The Board of Selectmen on Tuesday signaled its support for a local nonprofit organization’s purchase of an antique house on Valley Road.
Though the selectmen will wait for Conservation Commission approval before formally voting on the New Canaan Land Trust’s purchase of the ca. 1750-built home at 1124 Valley Road, the elected body voted 3-0 during its regular meeting to state its intent to support the purchase with a $150,000 town contribution.
The money is expected come from the Land Acquisition Fund, established in 2017, and will require further approval from the Board of Finance and Town Council, officials said.
The Land Trust plans to sign a purchase-and-sale agreement within about one week, and to complete the property transfer in September, according to the president of organization’s Board of Directors, Tom Cronin.
The current owner of the red-painted house that stands near the Grupes Reservoir in northeastern New Canaan, the First Taxing District of Norwalk, purchased the four-acre property at number 1124 in 2006 and “now, through some negotiations, are willing to sell the ‘Grupes House’ to the New Canaan Land Trust,” Cronin told the selectmen during their meeting, held at Town Hall and via videoconference.
“We originally offered to buy the house and the footprint underneath the house and some frontage which would link us to the wildlife preserve directly north of the property,” Cronin said. “To be honest, the transaction amount was a little underwhelming when we offered to the First District. So they asked for additional money and we said that was possible if they were able to provide additional acreage beyond the footprint of the house. So they did offer an additional acre with the transaction. Of course, we’re going to require additional funds for the Land Trust. So right now we’re in negotiations. We have a few contingencies as far as managing the final sale. They’re very minor—gates, fencing, et cetera. We’re in the process of lining up the funding on the transaction, which should take place some time in September.”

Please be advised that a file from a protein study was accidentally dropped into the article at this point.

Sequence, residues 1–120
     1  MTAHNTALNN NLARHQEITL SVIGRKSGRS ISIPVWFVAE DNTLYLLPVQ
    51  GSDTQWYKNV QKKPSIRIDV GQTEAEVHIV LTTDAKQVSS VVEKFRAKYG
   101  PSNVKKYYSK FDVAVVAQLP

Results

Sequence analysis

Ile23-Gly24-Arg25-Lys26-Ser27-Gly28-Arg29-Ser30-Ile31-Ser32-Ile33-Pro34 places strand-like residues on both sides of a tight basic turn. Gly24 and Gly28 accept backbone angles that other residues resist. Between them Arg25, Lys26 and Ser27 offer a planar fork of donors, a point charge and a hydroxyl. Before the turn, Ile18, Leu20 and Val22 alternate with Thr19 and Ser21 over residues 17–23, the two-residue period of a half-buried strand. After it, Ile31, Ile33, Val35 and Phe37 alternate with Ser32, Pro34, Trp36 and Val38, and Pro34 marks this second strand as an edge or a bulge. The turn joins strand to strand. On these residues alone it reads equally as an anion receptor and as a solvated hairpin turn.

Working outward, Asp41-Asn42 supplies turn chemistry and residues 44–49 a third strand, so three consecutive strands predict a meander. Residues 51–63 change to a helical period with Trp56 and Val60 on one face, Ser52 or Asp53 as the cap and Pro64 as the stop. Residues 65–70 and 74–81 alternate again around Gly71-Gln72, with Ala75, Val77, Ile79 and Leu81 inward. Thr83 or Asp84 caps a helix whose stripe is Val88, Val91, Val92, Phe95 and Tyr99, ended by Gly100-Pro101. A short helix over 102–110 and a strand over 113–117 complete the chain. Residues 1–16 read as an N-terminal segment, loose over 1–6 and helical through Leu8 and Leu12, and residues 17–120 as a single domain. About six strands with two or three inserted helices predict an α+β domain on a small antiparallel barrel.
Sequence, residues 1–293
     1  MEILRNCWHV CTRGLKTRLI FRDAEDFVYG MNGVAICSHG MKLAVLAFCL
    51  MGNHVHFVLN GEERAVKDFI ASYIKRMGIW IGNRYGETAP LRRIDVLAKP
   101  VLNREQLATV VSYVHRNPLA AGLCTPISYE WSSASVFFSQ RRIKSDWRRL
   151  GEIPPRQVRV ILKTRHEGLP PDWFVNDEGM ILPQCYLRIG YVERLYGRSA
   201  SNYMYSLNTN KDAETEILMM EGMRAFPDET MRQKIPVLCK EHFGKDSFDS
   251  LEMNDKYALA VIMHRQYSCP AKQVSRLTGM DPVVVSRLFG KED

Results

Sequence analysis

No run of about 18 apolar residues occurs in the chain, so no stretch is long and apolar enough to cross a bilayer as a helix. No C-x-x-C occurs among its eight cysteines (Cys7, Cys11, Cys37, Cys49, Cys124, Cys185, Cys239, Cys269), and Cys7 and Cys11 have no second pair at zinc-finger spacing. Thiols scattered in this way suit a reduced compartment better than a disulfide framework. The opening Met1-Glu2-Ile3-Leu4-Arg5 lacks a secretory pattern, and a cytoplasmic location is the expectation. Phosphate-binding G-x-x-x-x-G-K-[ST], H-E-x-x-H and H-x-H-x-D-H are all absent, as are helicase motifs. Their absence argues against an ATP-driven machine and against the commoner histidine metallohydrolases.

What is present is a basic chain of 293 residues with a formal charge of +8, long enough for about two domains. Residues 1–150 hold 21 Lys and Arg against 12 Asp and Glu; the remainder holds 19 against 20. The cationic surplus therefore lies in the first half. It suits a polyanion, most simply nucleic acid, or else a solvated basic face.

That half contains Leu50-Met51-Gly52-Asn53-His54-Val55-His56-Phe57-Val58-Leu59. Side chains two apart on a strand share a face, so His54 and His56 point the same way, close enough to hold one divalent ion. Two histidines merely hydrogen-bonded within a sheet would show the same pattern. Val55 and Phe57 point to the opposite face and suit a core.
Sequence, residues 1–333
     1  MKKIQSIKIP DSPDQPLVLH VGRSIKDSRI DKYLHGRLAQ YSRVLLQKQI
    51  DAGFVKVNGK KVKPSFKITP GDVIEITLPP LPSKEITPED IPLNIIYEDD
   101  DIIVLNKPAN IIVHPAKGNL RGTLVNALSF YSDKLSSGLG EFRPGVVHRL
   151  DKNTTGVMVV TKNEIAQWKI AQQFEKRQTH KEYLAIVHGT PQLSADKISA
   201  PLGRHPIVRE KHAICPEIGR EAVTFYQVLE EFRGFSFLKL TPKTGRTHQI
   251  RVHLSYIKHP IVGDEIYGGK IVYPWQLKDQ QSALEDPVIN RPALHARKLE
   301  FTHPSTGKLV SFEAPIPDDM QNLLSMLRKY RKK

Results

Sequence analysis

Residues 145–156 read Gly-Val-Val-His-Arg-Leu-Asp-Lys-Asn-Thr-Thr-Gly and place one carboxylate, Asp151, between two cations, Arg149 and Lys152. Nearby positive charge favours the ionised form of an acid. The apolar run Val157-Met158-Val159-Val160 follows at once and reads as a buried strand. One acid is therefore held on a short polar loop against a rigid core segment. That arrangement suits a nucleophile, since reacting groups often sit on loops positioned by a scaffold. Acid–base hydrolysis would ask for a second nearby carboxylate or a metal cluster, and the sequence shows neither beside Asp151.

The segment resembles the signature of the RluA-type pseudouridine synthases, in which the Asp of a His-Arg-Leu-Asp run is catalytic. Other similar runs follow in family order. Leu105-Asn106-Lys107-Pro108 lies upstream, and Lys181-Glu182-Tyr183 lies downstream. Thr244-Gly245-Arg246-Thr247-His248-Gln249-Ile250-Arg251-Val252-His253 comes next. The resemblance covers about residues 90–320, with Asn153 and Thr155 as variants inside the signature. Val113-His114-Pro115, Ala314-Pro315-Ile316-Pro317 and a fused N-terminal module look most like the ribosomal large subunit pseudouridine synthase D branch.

Selectmen Kathleen Corbet and Nick Williams, and First Selectman Kevin Moynihan, voted 3-0 on a motion signaling their intention to support a town contribution of $150,000 from the Land Acquisition Fund toward the estimated $750,000 overall sale, subject to final negotiations. Specifically, the town’s contribution would go toward the purchase of an additional one acre of property that will connect the parcel to the Land Trust’s 10.4-acre Browne Preserve, Moynihan said. An original proposal to have a “narrow strip of property connecting the two to make it a legal transaction” was deemed ineffective as a connection between the two properties, Moynihan said.
“This makes the transaction a lot more useful for the Land Trust to be able to connect to their 10-and-a-half acres,” he said.
The prospect of selling the house to the Land Trust is the result of the water company’s effort to improve relations between the First Taxing District and town of New Canaan, Moynihan said.
The house is to be used as the Land Trust’s headquarters as well as a residence for the organization’s executive director, Cronin said.
Conservation Commission Chair Chris Schipper, who joined Cronin and Land Trust Executive Director John Winter in presenting to the selectmen, noted that the Land Acquisition Fund since it was created has only managed to accumulate $150,000 “because we haven’t solved a consistent funding mechanism for it.”
There’s a request to put $100,000 of town money back into the Land Acquisition Fund, though that has yet to be approved by the Board of Finance and Town Council, officials said.